Luka is such a powerful song...I left today's video full-sized so that you could take three minutes to watch and listen.
Domestic violence is best understood as a pattern of abusive behaviors–including physical, sexual, and psychological attacks as well as economic coercion–used by one intimate partner against another (adult or adolescent) to gain, maintain, or regain power and control in the relationship. Batterers use of a range of tactics to frighten, terrorize, manipulate, hurt, humiliate, blame, often injure, and sometimes kill a current or former intimate partner.
Between 25 and 31 percent of US women report being a victim of domestic violence at some point in their live. Domestic violence occurs across the spectrum of relationships, from dating teens to elderly couples, in both heterosexual and same-sex relationships. Although the majority of victims of domestic violence are women, it is important to acknowledge that men are also victims of domestic violence, and that in some situations both partners may engage in violent behavior.
For more general information about domestic violence, including potential warning signs for emotional, physical, or sexual abuse, visit the National Domestic Violence Hotline's information page: Is This Abuse? Get the Facts.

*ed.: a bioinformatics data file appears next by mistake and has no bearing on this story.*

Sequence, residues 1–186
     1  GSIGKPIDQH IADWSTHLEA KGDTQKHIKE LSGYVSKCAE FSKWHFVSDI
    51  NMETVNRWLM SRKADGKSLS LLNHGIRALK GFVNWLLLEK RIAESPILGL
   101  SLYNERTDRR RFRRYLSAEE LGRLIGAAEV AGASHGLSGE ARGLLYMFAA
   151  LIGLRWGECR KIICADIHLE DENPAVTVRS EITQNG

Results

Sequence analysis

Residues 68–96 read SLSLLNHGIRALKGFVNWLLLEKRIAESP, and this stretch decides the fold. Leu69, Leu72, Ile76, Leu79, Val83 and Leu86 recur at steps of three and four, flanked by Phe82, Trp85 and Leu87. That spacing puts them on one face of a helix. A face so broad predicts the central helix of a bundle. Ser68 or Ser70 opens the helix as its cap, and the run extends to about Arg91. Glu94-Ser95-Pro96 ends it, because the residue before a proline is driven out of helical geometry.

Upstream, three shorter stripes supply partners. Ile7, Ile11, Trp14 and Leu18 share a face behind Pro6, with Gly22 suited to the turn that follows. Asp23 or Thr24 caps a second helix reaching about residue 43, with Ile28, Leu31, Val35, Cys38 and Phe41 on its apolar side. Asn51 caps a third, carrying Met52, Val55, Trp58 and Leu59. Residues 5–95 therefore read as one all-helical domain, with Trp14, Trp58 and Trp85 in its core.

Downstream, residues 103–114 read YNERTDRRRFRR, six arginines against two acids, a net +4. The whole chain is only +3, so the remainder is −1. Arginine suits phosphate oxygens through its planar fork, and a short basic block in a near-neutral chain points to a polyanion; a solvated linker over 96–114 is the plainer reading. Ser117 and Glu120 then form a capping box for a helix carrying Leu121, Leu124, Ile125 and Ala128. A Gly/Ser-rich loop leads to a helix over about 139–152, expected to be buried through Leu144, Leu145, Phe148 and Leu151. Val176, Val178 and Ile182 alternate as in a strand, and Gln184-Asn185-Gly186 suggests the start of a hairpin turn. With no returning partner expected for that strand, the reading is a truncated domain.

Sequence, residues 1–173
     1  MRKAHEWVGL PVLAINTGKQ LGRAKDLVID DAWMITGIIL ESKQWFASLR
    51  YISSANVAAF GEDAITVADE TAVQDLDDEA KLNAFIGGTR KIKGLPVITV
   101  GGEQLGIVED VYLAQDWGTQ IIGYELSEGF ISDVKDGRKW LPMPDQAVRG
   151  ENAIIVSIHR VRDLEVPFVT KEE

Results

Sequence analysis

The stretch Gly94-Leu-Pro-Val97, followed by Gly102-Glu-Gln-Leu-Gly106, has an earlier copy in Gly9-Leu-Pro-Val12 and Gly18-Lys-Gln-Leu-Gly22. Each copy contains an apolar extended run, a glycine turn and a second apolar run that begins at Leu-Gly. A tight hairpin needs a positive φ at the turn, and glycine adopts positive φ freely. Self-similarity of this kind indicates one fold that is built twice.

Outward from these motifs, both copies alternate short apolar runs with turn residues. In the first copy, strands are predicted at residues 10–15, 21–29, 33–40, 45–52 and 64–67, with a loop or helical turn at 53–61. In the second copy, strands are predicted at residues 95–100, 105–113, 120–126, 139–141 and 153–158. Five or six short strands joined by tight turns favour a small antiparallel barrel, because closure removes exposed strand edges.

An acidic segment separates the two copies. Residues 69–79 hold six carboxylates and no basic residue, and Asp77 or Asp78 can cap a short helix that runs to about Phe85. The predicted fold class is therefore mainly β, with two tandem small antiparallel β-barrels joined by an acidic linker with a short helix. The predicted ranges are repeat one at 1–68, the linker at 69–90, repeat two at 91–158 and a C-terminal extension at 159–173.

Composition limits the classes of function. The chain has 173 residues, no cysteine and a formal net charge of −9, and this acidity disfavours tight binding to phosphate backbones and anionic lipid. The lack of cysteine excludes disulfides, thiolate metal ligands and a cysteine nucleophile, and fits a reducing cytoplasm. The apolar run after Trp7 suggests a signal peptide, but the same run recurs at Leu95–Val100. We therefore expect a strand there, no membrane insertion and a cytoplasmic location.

We often forget that young girls and women are particularly vulnerable to domestic violence, also known as dating violence. There are two wonderful groups out there, Break the Cycle and That's Not Cool, that specifically target these young women.
Break the Cycle also provides more information about patterns of abuse and behaviors commonly experienced by youth in dating relationships.Want to learn more about domestic violence, but in a lighter fashion? Check out Sophie Littlefield's Stella Hardesty series. The books are well-written and great mystery novels, but centered around the very serious subject of helping women escape the cycle of abuse.